self.request = request
def get_request_data(self):
return self.request.GET["data"]
def get_wrapper_untyped(request: HttpRequest):
return RequestWrapper(request)
def get_wrapper_typed(request: HttpRequest) -> RequestWrapper:
return RequestWrapper(request)
def run(request: HttpRequest):
# This flow WILL NOT be found
wrapper = get_wrapper_untyped(request)
# This flow WILL be found
wrapper = get_wrapper_typed(request)

This illustrates how important typing is for ensuring all flows are caught by during static analysis.

Globals cause missed flows

To allow for parallel processing, Pysa is limited in it's ability to track taint flows through global variables. For example, Pysa will not detect an issue in the following code:

user_controlled_data = ""
def load_data(request: HttpRequest) -> None:
user_controlled_data = request.GET["data"]
def run_command(request: HttpRequest) -> None:

The best workaround is to avoid using globals in your code. If a refactor isn't possible, but you do know what globals should be considered tainted, you can explicitly declare the global tainted in your .pysa files.

Helpful Python knowledge

Pretty much all python operators are reduced down to double underbar functions. For example, constructing an object results in a call to __init__(self, ...) and an asterisk operator results in a call to __mul__(a, b). A full list of these operators can be found here. This is useful to know when you need to add annotations to the usage of operators, such as the use of square brackets to access a dictionary.

Debugging Tools


You can insert a call to the (non-existent) pyre_dump() function in your code to trigger to pyre to output a ton of metadata about it's current state when it parses the that function call. This can be useful as a starting point to figure out why something is/isn't happening. This will produce very verbose output.


If you only want to check what pyre knows about the types of variables, inject a call to reveal_type(YOUR_VARIABLE) (no import needed) in your code. Running Pyre on your code will then give you compact output indicating what Pyre thinks the type of your variable is.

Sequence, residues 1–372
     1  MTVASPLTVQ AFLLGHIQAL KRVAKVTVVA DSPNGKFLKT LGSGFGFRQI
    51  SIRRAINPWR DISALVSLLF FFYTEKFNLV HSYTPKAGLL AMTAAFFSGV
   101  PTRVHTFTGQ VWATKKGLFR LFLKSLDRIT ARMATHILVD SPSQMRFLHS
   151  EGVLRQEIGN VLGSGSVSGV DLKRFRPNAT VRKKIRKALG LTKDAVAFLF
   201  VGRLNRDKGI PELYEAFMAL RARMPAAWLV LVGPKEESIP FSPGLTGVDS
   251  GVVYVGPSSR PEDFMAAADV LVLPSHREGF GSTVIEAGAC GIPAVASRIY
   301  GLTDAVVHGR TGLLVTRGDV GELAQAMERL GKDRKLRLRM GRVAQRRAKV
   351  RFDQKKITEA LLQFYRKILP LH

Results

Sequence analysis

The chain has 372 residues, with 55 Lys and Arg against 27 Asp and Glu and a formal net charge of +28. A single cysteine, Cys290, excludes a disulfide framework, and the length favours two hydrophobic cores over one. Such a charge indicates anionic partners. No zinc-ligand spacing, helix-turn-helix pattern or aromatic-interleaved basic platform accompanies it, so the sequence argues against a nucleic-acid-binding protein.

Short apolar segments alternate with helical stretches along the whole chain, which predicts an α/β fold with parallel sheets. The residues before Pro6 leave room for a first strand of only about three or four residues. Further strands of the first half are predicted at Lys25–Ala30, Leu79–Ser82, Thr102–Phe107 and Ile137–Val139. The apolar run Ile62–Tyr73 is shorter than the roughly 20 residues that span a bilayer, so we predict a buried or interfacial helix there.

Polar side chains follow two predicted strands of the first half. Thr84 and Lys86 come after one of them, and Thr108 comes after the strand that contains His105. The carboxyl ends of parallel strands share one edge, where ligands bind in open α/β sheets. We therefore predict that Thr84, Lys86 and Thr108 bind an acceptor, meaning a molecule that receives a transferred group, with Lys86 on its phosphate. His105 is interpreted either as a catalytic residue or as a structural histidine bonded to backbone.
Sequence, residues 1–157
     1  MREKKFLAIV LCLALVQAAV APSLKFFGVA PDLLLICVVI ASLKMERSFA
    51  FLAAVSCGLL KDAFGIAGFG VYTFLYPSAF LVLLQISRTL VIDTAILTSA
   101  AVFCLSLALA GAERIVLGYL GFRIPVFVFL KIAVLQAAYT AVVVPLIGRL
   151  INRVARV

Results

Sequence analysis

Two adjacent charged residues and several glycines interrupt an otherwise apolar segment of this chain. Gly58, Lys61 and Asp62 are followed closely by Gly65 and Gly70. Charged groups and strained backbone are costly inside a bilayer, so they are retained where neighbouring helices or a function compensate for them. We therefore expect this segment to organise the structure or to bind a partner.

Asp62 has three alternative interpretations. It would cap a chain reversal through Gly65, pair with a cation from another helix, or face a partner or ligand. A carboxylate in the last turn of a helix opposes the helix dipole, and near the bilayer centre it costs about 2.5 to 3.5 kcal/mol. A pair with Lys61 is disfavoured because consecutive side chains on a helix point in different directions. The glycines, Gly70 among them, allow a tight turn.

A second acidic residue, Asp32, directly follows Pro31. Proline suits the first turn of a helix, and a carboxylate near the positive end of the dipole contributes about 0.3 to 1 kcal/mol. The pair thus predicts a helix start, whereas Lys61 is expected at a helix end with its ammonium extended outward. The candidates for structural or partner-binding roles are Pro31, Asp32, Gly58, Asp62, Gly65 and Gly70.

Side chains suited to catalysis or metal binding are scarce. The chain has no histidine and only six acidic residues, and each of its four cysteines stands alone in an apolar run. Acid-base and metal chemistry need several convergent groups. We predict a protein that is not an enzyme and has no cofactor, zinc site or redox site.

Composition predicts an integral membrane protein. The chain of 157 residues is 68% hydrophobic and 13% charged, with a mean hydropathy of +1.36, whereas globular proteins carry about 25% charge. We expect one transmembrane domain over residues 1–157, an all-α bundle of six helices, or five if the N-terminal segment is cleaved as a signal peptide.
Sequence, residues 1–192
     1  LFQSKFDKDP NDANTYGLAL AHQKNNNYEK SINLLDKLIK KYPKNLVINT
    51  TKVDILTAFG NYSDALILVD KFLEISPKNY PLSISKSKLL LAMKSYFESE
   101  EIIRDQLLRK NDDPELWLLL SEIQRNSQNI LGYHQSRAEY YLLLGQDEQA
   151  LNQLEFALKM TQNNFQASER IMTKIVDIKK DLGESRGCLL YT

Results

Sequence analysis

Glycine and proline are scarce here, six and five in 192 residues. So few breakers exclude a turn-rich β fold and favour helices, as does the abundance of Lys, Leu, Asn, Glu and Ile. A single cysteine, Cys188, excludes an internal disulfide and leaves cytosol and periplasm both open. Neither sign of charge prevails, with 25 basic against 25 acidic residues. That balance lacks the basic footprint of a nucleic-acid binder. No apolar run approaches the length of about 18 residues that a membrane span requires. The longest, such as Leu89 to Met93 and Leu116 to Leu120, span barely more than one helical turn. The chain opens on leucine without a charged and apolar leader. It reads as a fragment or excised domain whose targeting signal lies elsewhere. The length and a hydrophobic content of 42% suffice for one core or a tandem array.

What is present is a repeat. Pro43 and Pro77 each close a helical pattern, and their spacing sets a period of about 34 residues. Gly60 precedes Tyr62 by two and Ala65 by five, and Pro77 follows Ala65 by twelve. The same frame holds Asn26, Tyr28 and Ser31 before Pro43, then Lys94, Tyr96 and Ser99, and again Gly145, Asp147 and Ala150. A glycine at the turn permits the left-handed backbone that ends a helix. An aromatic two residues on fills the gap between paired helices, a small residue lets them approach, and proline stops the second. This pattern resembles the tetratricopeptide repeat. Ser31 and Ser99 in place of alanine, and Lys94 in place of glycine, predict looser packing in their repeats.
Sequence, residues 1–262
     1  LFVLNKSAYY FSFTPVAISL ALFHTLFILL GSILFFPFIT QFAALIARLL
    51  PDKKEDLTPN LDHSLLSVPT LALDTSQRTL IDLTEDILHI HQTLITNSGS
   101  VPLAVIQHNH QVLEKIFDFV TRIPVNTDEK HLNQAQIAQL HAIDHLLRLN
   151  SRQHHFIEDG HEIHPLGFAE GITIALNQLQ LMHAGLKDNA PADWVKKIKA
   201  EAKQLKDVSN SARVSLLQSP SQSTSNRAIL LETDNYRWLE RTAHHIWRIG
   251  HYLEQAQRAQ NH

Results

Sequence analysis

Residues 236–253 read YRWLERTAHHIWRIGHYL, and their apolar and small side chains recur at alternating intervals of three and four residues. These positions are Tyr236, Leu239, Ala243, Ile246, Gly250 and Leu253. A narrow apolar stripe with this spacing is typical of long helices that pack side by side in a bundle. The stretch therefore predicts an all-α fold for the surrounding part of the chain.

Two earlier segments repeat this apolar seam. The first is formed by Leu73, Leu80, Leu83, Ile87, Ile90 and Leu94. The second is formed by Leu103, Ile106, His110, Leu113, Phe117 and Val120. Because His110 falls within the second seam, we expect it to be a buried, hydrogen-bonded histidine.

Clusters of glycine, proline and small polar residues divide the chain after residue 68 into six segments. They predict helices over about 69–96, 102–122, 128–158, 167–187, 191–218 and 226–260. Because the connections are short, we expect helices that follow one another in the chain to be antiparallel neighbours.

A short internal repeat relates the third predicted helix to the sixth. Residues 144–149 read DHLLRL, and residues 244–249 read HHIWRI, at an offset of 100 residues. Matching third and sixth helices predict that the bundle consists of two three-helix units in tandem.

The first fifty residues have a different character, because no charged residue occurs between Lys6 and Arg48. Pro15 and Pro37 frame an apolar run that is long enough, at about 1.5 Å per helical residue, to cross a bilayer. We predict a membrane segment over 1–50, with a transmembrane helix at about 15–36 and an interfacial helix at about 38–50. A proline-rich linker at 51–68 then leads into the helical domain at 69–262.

Similarly to reveal_type, if you only want to check what pyre knows about the taint on variables, inject a call to reveal_taint(YOUR_VARIABLE) (no import needed) in your code. Running Pysa on your code will then give you compact output indicating what taint Pysa has discovered. Note that each time Pysa analyzes the function (which could be many times) it will update it's understanding of the taint flowing into the function and output the current state. The final output will be the most complete.


Another strategy for getting a bit more metadata is adding a function into your code, which simply constructs and returns the type you want to examine. You can then run Pysa, and grep for the function's name in the results.json file located wherever you pointed --save-results-to= to when running Pysa. You should then be able to see if that function is detected as returning taint, plus a bit more metadata about it.


The Static Analysis Post Processor (SAPP) has access to the same information as results.json. While SAPP doesn't display all the information results.json contains, it can display the information in a more user-friendly gdb-style way. It's especially useful for exploring flows which pass through many frames.

Developer Quality-of-Life

File Types

taint.config is a JSON file and .pysa files use Python syntax. If you update your editor to recognize those files as JSON and Python respectively, it'll make development easier.

Run Pysa faster with --rule

On large projects, Pysa can take a long time to run. When you're iterating on a single rule, pass the --rule option to Pysa to speed things up a bit by omitting processing on all other rules. Eg. pyre analyze --rule 5000

Usage Examples

Not all Pysa features will be covered in these docs, and provided examples won't always be complete. Every feature, however, will be covered in the tests located here. These tests can be a useful resource to discover how to use Pysa features.